There are other ways to regard infinity and it’s unique qualities. For example, we associate content with size, but infinity betrays common sense. Try this: mentally draw a line of two inches, and place a dot at each point on the line 1/16th of an inch apart. Then place a dot at each 1/32nd of an inch, 1/64th, and so on. As one can see, there will be an unlimited number, an infinite number of dots possible. Draw a four-inch line, twice as long, and proceed to place dots in the same manner. It is quickly obvious that despite being twice as long, the infinity of points on the four-inch line is no greater than the infinity of points on the two-inch line. The mathematical quality of infinity is such that it is equally contained within all lines regardless of length.

The esoteric Sufi faith regards unity, and thus infinity, as containing the mystical formula of enlightened mind. Accordingly, the deliberate use of geometric designs within Islamic mosques is not simply decoration, but intentionally explicates in physical form the truth of the infinite. So too the Hindu and Buddhist mandala is a two-dimensional representation of unity and the infinite multiplicity within unity, which is why the mandala is used as a contemplative tool.

Our western mind of separation tries to divvy-up the unfathomable reality of existence, but when it comes to infinity, there is no escape.

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Poppin’ counterfeit pills

April 7th, 2014

pillsI recently refilled a prescription for a beta-blocker I’ve been taking daily for twenty-some odd years. The electrical system of my heart becomes unstable every once in a while, and Atenolol settles it down to a nice normal rhythm.

Atenolol was first produced by pharmaceutical maker AstraZeneca under the brand name Tenormin, but its patent expired a number of years ago and Atenolol began to appear in a number of generic versions. Once the generics appeared, my health insurance would not cover the expense of the more costly Tenormin brand, and I found myself co-paying for one the generics.

Given that keeping my heart in proper rhythm is something favorable, keeping up with my prescription has always been something important. I had some hesitation about moving from the brand name to a generic; purportedly the same, generics vary in composition, fillers, and binders and although supposedly identical, their effects can vary. When it comes to the heart, small variances can mean big events. But the transition went fine, and I left the brand name behind.

A while later when I refilled a prescription I noticed it was made by yet another generic manufacturer. Upon inquiry I was told that the insurance company would not pay the pharmacy enough for the previous generic so they had found something cheaper. It is not reassuring to be told you are being given a prescription drug because it’s cheaper. I switched pharmacies so that I could continue to get the same formulation.

Then recently that newer pharmacy switched generics to Atenolol made by yet another company. I decided to do some additional research. The one I had been taking, it turns out, was manufactured in India, like many of the generics now consumed in America. The disturbing news, however, was not its country of origin, but the history of its manufacturer. Turns out the FDA has determined that some of the facilities used for generic manufacture by Ranbaxy Pharmaceuticals are unacceptable, and the generics produced at those locations have been blocked for sale in the U.S.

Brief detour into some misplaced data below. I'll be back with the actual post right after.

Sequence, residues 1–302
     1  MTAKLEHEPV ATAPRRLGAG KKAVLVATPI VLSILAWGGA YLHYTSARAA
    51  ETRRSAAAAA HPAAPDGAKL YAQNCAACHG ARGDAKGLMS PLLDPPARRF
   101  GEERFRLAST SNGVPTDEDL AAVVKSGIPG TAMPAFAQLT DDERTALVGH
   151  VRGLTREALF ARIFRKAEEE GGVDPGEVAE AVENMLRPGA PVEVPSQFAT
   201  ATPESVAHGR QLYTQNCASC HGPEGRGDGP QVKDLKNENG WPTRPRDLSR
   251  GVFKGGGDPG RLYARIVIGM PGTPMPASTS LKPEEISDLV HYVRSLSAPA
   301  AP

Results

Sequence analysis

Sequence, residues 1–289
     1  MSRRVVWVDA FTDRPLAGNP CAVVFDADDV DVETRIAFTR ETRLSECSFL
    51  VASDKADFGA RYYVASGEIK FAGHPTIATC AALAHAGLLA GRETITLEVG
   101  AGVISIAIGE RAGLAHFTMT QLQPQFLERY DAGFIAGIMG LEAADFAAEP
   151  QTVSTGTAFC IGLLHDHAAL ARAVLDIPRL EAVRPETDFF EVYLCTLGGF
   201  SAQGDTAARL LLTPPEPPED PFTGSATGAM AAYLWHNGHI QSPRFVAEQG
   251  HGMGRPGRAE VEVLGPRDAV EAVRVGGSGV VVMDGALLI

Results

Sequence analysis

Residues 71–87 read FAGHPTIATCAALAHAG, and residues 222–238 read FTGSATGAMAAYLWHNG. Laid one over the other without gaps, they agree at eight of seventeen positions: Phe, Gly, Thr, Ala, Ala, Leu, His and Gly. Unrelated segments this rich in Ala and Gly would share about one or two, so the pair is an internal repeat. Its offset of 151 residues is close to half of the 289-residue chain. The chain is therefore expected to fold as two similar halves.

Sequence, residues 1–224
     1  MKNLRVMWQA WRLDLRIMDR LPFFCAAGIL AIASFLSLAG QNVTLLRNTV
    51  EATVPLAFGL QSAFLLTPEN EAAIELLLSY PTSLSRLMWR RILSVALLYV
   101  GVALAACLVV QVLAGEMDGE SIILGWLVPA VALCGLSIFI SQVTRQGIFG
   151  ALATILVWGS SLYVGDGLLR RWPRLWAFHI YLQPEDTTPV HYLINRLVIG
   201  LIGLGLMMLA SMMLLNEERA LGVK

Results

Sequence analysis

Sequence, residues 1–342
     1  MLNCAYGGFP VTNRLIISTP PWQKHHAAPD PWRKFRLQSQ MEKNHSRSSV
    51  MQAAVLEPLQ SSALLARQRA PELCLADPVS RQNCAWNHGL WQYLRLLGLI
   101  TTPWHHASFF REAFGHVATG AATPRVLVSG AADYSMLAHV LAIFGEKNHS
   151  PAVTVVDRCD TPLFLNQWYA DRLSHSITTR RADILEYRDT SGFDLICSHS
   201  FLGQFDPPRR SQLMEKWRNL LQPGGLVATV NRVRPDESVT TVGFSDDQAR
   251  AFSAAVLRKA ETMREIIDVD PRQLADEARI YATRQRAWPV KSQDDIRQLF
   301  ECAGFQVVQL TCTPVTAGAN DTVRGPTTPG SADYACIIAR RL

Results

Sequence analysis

This led to additional research about generics, and the number of counterfeit pharmaceuticals on the market. Turns out “pill machines” are relatively easy to get, and printing phony packaging and labels is easier and more profitable than making phony $20 bills. In our era of profit-based medical care it is not reassuring to know that the likelihood of dosing myself with compressed milk powder bound with moistened rice flour, or far worse, is increasing. The push by pharmacies and insurance companies to lower costs has fueled a mini-boom in counterfeit drugs.

There is little the consumer can do to verify what’s being ingested is legit. One option is to send a sample pill to a testing lab to find out what it’s made of, but that’s an expensive option and not viable, obviously. Another is to research the history of each manufacturer and request generics that only come from reputable companies, but if the pharmacy won’t profit, they won’t sell it. We are at the mercy of our health care system and the regulatory apparatus which oversees it.

Life has always lacked certainty and if it’s not phony drugs that get us, it might be the truck barreling its way through the intersection. Sadly, every time a prescription is filled, it’s a gamble.

Is my wife a witch?

March 28th, 2014

salem signNo, this is not the first line of a Henny Youngman joke (if you don’t know who he was, Google him, the King of the one-liners), it’s an honest question. You see my wife is descended on both sides of her family from Puritans, one of whom came on the Mayflower. She’s traveled even farther back in time, and viewed the homes and histories of her English ancestors, their portraits, fame and fortune.

Anyway, she’s recently discovered that her eighth great grandmother (on her mother’s side) Rebecca Nurse was accused of witchcraft and put to trial while living in Salem, Massachusetts. She was at first exonerated. Then, under pressure from her accusers, the judge ordered a “reexamination” and, at the age of 70, she was hung by the neck. Rebecca Nurse’s real exoneration came in “The Crucible,” Arthur Miller’s play about the Salem Witch trials.